A constructor needs to return an object, and it needs a return type corresponding to its class.


Constructors need to return objects


Constructors cannot return anything

Here is what's right.

A constructor does not return any value. It does not create anything, it just initializes the given object (the object pointed to by this).

Where could this misconception come from?

This misconception may come from how constructors are used:

Object o = new Object();

In the above code, the expression new Object() produces a value. Students may believe that for it to produce a value, the constructor has to produce that value. They may believe that this expression is only a constructor call. However, the object is not produced by the constructor, but by the new Object() expression, which allocates the object, calls the constructor to initialize it, and then produces the initialized object.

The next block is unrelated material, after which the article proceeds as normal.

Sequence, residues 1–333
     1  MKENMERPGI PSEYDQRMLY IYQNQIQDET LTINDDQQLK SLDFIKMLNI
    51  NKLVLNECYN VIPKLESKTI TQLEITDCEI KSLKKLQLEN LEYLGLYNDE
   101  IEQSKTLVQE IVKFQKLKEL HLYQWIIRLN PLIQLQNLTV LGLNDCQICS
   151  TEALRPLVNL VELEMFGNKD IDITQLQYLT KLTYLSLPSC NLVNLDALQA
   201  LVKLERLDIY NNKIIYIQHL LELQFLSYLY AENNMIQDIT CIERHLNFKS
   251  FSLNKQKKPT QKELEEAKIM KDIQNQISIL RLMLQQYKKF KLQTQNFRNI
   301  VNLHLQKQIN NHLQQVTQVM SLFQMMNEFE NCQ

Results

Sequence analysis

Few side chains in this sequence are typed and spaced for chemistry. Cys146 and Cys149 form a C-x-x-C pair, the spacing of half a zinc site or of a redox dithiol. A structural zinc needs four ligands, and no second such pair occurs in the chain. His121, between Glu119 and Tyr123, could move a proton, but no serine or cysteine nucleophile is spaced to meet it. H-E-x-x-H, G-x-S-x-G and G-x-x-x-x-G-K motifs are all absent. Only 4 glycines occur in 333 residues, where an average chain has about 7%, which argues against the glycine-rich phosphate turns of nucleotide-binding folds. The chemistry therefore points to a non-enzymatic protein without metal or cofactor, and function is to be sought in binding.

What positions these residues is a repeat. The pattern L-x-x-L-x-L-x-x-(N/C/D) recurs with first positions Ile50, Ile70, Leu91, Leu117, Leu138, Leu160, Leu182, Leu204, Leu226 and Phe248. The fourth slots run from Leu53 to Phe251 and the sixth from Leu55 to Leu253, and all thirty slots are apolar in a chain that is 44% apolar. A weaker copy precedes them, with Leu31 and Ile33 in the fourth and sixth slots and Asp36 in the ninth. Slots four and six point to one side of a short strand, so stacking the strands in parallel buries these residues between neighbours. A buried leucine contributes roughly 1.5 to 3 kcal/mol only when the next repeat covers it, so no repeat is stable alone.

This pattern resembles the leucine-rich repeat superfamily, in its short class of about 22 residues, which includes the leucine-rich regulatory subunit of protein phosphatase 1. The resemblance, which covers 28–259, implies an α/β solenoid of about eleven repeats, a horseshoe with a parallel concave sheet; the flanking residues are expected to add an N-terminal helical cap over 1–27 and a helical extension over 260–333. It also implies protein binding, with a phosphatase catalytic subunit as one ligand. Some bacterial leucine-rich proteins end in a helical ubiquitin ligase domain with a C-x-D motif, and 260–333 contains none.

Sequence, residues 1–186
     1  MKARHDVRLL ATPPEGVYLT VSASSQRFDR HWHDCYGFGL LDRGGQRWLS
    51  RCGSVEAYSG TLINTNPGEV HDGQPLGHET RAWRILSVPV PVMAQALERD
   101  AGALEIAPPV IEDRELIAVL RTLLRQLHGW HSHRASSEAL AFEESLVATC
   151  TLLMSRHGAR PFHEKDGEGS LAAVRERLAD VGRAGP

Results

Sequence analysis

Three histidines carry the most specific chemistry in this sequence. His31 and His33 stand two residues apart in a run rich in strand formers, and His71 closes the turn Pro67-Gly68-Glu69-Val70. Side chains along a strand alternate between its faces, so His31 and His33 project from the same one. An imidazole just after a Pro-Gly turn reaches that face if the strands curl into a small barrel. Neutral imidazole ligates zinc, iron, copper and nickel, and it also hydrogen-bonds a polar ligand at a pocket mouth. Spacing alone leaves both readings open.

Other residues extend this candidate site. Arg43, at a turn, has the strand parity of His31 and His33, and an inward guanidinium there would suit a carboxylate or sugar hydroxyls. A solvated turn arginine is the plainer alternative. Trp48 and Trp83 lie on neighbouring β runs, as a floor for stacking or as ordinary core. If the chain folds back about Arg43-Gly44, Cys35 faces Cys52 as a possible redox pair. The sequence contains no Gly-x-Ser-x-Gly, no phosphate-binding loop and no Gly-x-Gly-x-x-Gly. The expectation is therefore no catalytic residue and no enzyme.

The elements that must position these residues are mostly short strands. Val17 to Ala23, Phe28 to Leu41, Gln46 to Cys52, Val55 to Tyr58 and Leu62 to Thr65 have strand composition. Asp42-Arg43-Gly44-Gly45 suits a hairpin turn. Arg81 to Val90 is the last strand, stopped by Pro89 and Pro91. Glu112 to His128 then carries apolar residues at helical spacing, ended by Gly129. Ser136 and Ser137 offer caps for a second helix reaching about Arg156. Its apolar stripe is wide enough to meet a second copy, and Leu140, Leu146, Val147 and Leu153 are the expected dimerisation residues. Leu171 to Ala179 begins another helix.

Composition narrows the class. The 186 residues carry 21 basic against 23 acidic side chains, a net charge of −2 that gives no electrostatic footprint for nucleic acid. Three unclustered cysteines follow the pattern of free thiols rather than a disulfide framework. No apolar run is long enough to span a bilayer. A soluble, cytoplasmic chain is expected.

How do you know your students might have this misconception?

Do your students write:

  • Constructors that return this
  • Constructors (of a class C) that return new C()
  • Constructors with a return type in their header

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